With a major boost in the number of construction permits issued during the second quarter of this year, many are now wondering how real estate sector prices will adjust to this latest increase in the supply of new buildings. Some are worrying that the country's real estate market will become oversupplied, which could eventually trigger a price crash -- while others maintain what is happening is a normal development in a dynamic real estate market.
According to the latest figures from the National Statistical Institute, the number of construction licenses issued between April and June rose by 53.5% on the same period last year. A total of 1,491 housing construction permits were granted during this there month period, some 44% of the total number for the whole of last year. It is expected that 5,000 new apartments will be placed on the market as a result of these new construction projects, compared to 10,525 expected from permits granted in 2003. The total volume of dwelling stock increased by 27% in the first half of 2004, reaching a total of 2,597 units.
Yet analysts point out that previous expansions have failed to arrest price development, which has continued to soar, pushed up by limited supply and a huge foreign investment interest in the Bulgarian property market.
Veneta Krasteva, editor-in-chief of the weekly magazine Construction City told the OBG on September 3 that "The trends from the beginning of the year show continuous increase in investment activity. The market is dynamic, but there is no dramatic change."
The construction boom, which began last year, is focused on residential markets in
Sofia and the Black Sea.
Analysts say that the latest surge in construction is due to a combination of factors. First, there are smaller construction companies trying to enter the lucrative housing market to capitalize on high demand for 2-3 bedroom apartments. This has gone hand in hand with and a continuous rise in mortgage loans. News source Pari Daily reported on September 1 that high demand for 2-3 bedroom apartments meant some companies could secure as much as 40% of the total selling price in the initial deposit.
Meanwhile, an increasing number of consumers can afford expensive initial deposits due to improving lending terms from the banks. According to central bank statistics, mortgage credits to individuals in the first half of 2004 were 45% higher than in the same period last year. The total volume of mortgage loans reached Lv662m (332m euros) in July, which represents a significant boost for both the real estate and construction markets.
In addition, small construction companies can seek further financing from the banks secured against the building site. With construction costs at around 200-400 euros per sq metre (depending on the price of the land) and an average selling price of 400-1000 euros per sq metre, nearly all of the project financing can be secured externally with little need to rely on private capital.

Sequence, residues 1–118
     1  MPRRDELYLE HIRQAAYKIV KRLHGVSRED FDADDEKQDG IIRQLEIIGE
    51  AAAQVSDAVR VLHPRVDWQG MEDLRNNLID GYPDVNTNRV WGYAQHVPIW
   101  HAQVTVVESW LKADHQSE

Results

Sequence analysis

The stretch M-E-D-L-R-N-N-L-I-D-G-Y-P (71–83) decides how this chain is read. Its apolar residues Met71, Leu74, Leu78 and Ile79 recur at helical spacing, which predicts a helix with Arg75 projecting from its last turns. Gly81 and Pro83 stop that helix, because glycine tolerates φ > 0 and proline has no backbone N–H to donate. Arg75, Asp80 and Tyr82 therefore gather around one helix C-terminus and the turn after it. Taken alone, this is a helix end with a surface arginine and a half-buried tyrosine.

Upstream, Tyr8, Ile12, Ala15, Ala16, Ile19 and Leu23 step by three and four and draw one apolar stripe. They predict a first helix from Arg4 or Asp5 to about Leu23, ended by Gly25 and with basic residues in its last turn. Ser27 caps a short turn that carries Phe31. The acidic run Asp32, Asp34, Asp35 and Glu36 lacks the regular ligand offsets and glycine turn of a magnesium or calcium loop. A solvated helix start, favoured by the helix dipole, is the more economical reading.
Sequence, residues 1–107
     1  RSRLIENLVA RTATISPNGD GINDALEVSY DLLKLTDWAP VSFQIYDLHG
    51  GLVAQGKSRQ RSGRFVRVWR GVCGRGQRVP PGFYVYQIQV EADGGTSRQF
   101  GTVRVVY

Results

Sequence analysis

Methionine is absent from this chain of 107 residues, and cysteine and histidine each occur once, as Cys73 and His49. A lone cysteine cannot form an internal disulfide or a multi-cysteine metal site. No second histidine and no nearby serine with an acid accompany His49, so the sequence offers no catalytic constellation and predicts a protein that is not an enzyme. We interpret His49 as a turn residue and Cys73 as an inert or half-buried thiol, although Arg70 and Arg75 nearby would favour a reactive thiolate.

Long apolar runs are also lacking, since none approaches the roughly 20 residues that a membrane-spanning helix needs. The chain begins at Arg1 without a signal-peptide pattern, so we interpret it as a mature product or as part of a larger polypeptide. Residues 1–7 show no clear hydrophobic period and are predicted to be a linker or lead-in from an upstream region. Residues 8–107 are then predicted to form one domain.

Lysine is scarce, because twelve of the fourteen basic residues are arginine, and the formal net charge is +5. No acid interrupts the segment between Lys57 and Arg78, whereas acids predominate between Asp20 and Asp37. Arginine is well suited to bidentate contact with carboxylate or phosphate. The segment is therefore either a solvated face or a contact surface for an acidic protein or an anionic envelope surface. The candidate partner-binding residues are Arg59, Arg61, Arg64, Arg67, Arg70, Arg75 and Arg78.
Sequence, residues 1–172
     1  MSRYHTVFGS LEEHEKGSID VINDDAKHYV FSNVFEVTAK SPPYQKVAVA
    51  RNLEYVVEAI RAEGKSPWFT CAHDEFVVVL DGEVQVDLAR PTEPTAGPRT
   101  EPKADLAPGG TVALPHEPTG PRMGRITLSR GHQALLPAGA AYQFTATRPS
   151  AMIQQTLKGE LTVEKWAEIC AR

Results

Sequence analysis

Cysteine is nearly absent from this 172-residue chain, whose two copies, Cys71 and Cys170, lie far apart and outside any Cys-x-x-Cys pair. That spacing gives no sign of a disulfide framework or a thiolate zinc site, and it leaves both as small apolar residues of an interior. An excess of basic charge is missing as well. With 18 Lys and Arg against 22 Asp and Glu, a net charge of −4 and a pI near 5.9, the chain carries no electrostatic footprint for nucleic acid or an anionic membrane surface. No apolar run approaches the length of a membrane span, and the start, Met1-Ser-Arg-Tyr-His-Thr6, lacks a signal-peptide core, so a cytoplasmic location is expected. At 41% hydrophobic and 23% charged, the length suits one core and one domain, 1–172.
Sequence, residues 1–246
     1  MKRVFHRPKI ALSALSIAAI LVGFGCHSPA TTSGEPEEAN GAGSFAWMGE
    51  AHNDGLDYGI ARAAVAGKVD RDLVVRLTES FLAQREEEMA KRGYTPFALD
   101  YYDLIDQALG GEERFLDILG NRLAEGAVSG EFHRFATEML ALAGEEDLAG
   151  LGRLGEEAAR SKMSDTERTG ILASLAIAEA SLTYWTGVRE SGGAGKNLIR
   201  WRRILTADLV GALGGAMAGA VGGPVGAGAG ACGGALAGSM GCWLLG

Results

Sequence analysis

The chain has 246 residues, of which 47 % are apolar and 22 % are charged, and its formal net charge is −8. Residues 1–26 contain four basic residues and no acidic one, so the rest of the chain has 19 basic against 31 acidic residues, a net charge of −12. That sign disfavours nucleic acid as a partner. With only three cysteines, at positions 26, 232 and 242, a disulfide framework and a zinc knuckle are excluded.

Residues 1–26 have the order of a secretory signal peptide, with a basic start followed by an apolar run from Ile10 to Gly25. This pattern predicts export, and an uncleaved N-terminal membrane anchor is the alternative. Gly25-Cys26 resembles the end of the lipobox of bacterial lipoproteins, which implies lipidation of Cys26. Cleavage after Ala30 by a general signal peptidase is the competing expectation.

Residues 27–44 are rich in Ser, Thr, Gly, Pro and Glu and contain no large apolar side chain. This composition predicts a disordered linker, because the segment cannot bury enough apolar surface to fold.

Yet some analyst warn that the size of initial deposits will contract due to rising competition and some companies are in danger of overextending themselves, with the risk of failing to meet project deadlines and neglecting quality standards.
Meanwhile, demand for residential housing is not showing any signs of subsiding. In addition to mortgage lending, this demand continues to be fuelled by the traditional perception, especially among foreigners and Bulgarians living abroad, that real estate is the surest form of investment in the country, offering low risk and high returns. With real estate prices in Sofia still lower than in Belgrade and Skopje and expected EU accession in 2007, this argument has been very compelling so far.
Yet although National Statistical Institute average quarterly real estate price estimates show a 26.3% increase since last year, there has been a noticeable slow down in areas such as Sofia. Housing prices in the centre of the capital have risen by a mere 15.6%, year-on-year -- far behind regions like Burgas and Sliven, where property price increases were above 40%. As Krasteva told the OBG, "High price levels are asked, but there are few transactions that succeed."
Rosen Plevneliev, general manager of German construction company Lindner's Bulgarian subsidiary told the OBG recently that the expectation of high returns from real estate investments could result in disappointment.
According to Plevneliev, if the current levels of construction continue, there will be an oversupply of both residential and office space in two years time, which could trigger a price crash.
Yet most analysts predict that in the short term at least, the demand for new residences will remain high. It will continue to be driven by speculative interest from foreign investors, coupled with stronger demand from domestic consumers, who will benefit from increasing competition among mortgage lenders and access to cheaper housing finance.
Construction activity is thus set to continue throughout the autumn and even during the cold winter months, bringing high returns to both building companies and property investors. However, some analysts fear that with a large proportion of the Bulgarian population still unable to break into the inflated property market, a price correction is to be expected further down the line, as the stock of new dwellings increases.